3 Ways to Help Revive Stalled Sustainability Initiatives


When it comes to being sustainable, consumer goods companies are facing higher expectations and increasing scrutiny on a global scale. Gone are the days when corporations could fall back on blatant greenwashing or claim “not my problem” while pointing the finger at tier-2-and-beyond suppliers.

The pressure comes from two primary sources. First, consumers are growing more concerned with sustainability and the environmental impact of the products they purchase. A 2018 Nielsen survey discovered that “67% of Americans say they will be prioritizing healthy or socially conscious food purchases.” Nielsen also found that sustainability is profitable — sustainable products saw sales growth of anywhere between 3% and 14%.

Furthermore, the firm found 64% of U.S. households are buying sustainable products, a number that continues to grow annually.

[Infographic: How Tech Fuels the ROI of Sustainability in Consumer Goods]

Second, governments are using their rule-making and regulatory powers to punish bad actors, disrupting supply chains as a result and reminding businesses of the need to take charge of their suppliers’ operating principles and practices.

The most conspicuous example remains the U.S. Customs and Border Protection agency’s landmark 2020 decision to issue a detention order on cotton products sourced from parts of China. It marked the sixth such enforcement order from the U.S. import authority in the space of three months against goods made by forced labor from China’s Xinjiang Uyghur Autonomous Region (XUAR).

The key learning for CG companies is:

1. Sustainability is not a fad; stakeholders have now made that clear.

2. Benefits accrue to those companies taking sustained action as part of a strategic plan. One-offs signal a lack of genuine commitment.

3. Incontrovertible proof of claims is required. There are no excuses, given the widespread availability of modern commercial platforms boasting feature sets designed to verify sustainable operations.

Enabling Technologies and Their Role in Sustainability

To support sustainability initiatives, here are three broad categories for those in consumer goods to consider: transparency and traceability, vendor management and artificial intelligence (AI).

Companies can guarantee supply chain transparency when they can effectively track the journey of their products from the sourcing of raw materials to the delivery of the finished goods. Without comprehensive knowledge of all N tiers in the supply chain, the brand cannot verify sustainability. The solution: creating a “digital thread” that maps their entire supply chain and creates chain-of-custody documents.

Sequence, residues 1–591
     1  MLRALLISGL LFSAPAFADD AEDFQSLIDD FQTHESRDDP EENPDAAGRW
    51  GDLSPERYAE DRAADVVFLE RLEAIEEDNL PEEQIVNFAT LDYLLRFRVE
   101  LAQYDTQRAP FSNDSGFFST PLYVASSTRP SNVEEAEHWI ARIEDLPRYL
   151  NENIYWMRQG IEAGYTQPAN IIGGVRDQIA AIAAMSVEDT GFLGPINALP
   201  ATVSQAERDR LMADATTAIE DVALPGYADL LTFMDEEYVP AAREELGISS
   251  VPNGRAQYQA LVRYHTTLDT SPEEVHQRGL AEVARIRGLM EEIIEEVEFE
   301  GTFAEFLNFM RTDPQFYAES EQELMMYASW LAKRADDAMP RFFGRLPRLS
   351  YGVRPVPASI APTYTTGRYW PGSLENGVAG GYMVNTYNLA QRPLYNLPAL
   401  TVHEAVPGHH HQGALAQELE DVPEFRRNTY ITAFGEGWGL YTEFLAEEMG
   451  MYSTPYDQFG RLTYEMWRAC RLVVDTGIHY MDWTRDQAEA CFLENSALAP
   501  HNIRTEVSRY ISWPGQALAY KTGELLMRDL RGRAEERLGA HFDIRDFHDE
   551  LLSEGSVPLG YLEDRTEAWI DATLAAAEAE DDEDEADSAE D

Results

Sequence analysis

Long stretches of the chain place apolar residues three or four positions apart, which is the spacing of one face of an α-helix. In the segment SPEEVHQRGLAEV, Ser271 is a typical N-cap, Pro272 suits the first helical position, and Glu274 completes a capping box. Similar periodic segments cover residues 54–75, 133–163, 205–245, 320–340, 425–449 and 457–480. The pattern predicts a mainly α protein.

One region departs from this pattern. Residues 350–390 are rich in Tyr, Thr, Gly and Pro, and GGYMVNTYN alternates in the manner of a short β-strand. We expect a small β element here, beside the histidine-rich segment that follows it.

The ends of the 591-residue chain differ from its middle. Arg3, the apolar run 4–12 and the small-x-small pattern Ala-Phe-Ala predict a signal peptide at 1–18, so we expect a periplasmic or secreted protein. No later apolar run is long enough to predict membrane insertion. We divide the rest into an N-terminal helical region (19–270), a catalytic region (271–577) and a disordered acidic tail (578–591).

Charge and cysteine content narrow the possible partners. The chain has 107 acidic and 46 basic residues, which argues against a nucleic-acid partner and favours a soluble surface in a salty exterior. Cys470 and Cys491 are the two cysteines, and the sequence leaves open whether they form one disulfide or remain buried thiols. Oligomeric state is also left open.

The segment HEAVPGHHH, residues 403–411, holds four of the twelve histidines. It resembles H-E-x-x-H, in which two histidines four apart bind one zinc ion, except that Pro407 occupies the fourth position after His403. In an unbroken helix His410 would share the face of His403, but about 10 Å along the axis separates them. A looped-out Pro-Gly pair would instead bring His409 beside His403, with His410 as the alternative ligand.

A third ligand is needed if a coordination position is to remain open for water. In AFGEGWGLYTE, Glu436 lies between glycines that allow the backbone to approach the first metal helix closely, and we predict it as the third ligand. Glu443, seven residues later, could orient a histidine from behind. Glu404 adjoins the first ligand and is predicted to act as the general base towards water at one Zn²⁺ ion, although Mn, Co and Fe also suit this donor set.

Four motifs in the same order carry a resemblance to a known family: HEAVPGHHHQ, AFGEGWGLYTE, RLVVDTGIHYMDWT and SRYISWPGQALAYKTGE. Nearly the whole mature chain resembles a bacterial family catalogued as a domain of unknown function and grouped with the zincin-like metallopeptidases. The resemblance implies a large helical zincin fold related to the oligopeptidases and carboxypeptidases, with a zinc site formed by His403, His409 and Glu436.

[See also: Diageo Readies Digital Twin Trials for Lighter Johnnie Walker Bottles]

While track-and-trace technologies provide a map of your supply chain, vendor management solutions bring that map to life by allowing companies to monitor vendor accountability, transparency, and adherence to prescribed standards of engagement. Sometimes called Corporate Social Responsibility (CSR), these platforms compile survey and inspection data into a central repository for analysis that informs real-time sourcing decisions. 

Companies benefit from this transparency because functional leaders can collaborate to make better decisions about the supply chain’s ability to fulfill the demand plan. In addition, these decisions can reduce risk, ensure compliance and protect against misinformation.

As companies achieve the ability to consistently validate, track and manage all the key data points related to their supply chains, more mature and sophisticated solutions — based on AI and machine learning — can be successfully implemented to continue the sustainability journey.

Companies enjoying the greatest benefits from AI are those with the patience to use the technology to create targeted solutions for specific business problems, rather than applying it generically simply to make a deadline or appease restless stakeholders.

Here’s an example. Perishable waste five times higher than the industry average was costing a global packaged food company an estimated $100 million per year. The company traced the root cause to manual forecasting and flawed, labor-intensive order processing procedures.

To address the problem, the company leveraged an AI-based toolset to more accurately model demand in far less time versus the now-discredited manual method. The proof of concept showed a 40% to 50% reduction in waste, as well as a 50% reduction in dedicated labor hours.

‘Do Nothing’ No Longer an Option

CG companies that fail to adopt technologies that support sustainability will face increasing challenges on multiple fronts, including unforgiving consumers, relentless regulators and competitors who grab the sustainability high ground and use it to build an enduring competitive advantage. The good news: the necessary infrastructure, architecture and portfolio of solutions are available now.

Mark BursteinMark Burstein

Mark Burstein is executive VP, industry principal, at Logility. A seasoned expert in fashion and retail working with the world’s most renowned brands, he is active in industry organizations including the National Retail Federation (NRF) and sits on the board of the American Apparel & Footwear Association (AAFA), the California Fashion Association and Goodwill Industries. He earned an MBA from Emory University and a bachelor’s degree in Finance from the University of Florida.

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